I see that LSTM is very powerful reconstructing time series it was fed with, but my issue is:

=> Can LSTM predict future values without requiring real (training/testing) data?

My objective is simple: Modelling a univariate time series to predict itself.

ARIMA, SARIMA and Holt Winters were used, but Machine Learning (using LSTM) approach for forecasting seems fake in practice. Am I wrong about my point?

My dataset is a 2 years duration series observed daily.

I've evaluated initially 1.5 year as training set, defined by trainingX (a rolling window of 180 days duration) and trainingY (a rolling window of 30 days duration).

I have tried: - A single LSTM layer with 30 units, returning sequences - A single LSTM layer varing of 1 unit to 1024 units and a dense layer with 30 units - Stacked LSTM with 2 to 4 layers with 1 to 1024 layers and a dense layer with 30 units - All of them were modified by sigmoid, relu and tanh activation functions

Besides, Using a rolling window prediction, a method that releases the first "L" values of the trainingX set and append the first "L" prediction values at the end of the same trainingX set, I get random predictions converging to a constant or to zero.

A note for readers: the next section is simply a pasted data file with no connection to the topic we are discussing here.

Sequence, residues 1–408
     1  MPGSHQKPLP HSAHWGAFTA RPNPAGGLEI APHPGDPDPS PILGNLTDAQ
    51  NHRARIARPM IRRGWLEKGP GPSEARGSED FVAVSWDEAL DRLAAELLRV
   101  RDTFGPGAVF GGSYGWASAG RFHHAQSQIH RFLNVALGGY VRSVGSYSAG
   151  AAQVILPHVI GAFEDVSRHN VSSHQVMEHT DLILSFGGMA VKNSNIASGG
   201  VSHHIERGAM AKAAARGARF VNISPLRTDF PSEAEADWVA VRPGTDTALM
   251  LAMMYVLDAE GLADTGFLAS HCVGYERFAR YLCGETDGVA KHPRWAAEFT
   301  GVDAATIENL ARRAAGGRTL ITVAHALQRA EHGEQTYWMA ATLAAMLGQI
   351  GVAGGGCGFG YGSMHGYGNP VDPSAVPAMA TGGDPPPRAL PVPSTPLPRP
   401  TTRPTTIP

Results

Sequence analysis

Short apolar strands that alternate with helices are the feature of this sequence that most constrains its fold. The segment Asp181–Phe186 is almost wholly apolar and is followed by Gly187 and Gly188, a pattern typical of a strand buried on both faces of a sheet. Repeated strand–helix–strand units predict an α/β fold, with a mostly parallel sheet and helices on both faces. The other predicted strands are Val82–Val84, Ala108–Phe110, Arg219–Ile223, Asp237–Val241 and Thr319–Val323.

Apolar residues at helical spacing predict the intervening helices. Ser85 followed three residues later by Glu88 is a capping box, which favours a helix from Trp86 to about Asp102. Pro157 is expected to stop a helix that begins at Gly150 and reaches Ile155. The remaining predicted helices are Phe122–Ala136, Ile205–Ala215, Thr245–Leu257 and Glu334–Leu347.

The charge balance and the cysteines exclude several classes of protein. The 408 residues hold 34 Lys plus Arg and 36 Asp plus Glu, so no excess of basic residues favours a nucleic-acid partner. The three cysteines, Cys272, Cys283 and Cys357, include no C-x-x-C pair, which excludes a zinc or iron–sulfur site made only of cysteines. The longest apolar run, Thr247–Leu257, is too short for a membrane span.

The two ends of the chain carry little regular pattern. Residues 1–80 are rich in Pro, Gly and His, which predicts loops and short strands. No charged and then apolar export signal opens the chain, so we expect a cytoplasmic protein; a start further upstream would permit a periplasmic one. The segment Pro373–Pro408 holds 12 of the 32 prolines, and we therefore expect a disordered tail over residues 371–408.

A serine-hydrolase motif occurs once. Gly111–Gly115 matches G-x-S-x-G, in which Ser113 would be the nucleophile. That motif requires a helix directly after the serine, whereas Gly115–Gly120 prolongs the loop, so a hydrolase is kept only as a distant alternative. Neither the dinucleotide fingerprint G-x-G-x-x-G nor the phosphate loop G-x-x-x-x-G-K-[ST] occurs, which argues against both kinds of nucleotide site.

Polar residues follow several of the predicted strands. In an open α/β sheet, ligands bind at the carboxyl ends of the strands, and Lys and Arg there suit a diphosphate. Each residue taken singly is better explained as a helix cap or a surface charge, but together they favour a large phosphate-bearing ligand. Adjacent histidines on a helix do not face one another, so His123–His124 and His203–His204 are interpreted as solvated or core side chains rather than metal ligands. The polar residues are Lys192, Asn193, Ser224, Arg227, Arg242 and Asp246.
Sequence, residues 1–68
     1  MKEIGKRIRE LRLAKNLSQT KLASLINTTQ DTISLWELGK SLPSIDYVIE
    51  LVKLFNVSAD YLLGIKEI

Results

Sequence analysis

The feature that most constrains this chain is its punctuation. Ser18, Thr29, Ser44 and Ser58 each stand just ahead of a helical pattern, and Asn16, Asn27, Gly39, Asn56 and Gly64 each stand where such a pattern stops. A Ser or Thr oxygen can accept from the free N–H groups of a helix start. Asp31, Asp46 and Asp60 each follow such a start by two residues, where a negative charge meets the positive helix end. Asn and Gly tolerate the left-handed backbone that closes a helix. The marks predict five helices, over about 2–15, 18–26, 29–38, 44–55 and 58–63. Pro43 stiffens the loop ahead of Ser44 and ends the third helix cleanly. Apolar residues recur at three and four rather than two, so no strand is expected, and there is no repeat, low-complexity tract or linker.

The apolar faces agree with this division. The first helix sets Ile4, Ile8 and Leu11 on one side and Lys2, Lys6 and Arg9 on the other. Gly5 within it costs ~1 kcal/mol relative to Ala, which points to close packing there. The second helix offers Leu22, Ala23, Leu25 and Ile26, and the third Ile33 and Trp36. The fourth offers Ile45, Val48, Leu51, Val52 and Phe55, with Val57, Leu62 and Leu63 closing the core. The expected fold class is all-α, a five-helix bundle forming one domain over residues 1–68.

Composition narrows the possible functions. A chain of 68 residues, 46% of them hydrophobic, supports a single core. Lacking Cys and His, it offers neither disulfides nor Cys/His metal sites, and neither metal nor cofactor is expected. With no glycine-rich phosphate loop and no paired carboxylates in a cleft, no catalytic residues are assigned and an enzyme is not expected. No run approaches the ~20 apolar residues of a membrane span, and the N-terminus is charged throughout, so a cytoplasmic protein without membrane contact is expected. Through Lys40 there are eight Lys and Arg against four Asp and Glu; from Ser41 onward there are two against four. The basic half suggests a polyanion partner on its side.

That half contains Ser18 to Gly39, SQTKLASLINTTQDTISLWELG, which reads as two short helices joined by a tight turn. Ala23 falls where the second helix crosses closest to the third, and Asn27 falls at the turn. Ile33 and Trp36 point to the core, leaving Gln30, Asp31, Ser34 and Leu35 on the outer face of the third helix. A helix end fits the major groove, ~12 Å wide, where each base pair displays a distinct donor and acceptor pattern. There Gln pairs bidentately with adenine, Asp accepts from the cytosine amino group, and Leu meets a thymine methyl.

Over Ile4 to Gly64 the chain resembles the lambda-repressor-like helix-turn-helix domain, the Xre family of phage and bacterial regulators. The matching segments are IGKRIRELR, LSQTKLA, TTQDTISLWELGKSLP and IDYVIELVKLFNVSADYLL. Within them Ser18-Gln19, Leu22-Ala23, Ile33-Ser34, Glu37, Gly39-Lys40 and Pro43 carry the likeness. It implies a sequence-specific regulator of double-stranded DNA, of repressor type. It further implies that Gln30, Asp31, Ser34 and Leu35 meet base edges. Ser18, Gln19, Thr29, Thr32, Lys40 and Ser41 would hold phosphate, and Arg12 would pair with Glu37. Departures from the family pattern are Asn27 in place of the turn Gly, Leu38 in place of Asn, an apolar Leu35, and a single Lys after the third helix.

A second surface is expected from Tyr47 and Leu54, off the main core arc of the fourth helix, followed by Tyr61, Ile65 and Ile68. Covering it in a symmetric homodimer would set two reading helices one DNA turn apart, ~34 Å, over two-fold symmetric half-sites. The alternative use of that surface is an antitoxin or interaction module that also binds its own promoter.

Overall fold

The training and predict batch were varied of 1 to 250.

Have anyone experienced a reconstructed (lagged) output time series when wanting a forecasting output?


closed as unclear what you're asking by Toros91, Mark.F, Icyblade, Sean Owen Feb 21 at 23:45

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  • $\begingroup$ yes I have! but I am not sure why :( Looking forward to the answers here! $\endgroup$ – pcko1 Feb 19 at 21:59
  • $\begingroup$ I'm not sure what this means, whether you're asking if LSTMs can predict sequences (yes) or why yours doesn't work (not sure), or where you test data is coming from (it's the future part of the series predicted from past) $\endgroup$ – Sean Owen Feb 21 at 23:45
  • $\begingroup$ Hi @SeanOwen, the objective is to predict a sequence dependent upon on time, a time series, by not feeding real data. $\endgroup$ – Iago B Feb 22 at 17:05
  • $\begingroup$ What does it mean to predict without real data? at some level, you have to have some training data. $\endgroup$ – Sean Owen Feb 22 at 20:26
  • $\begingroup$ I mean that when you use predict method from model object, eg. model.predict(input_data), you need to specify an argument as input data. The model trained with real data, as described above, needs input data to be real data too. There is no way to supply previous values to predict future values, it only reconstructs input data. @SeanOwen $\endgroup$ – Iago B Feb 26 at 13:22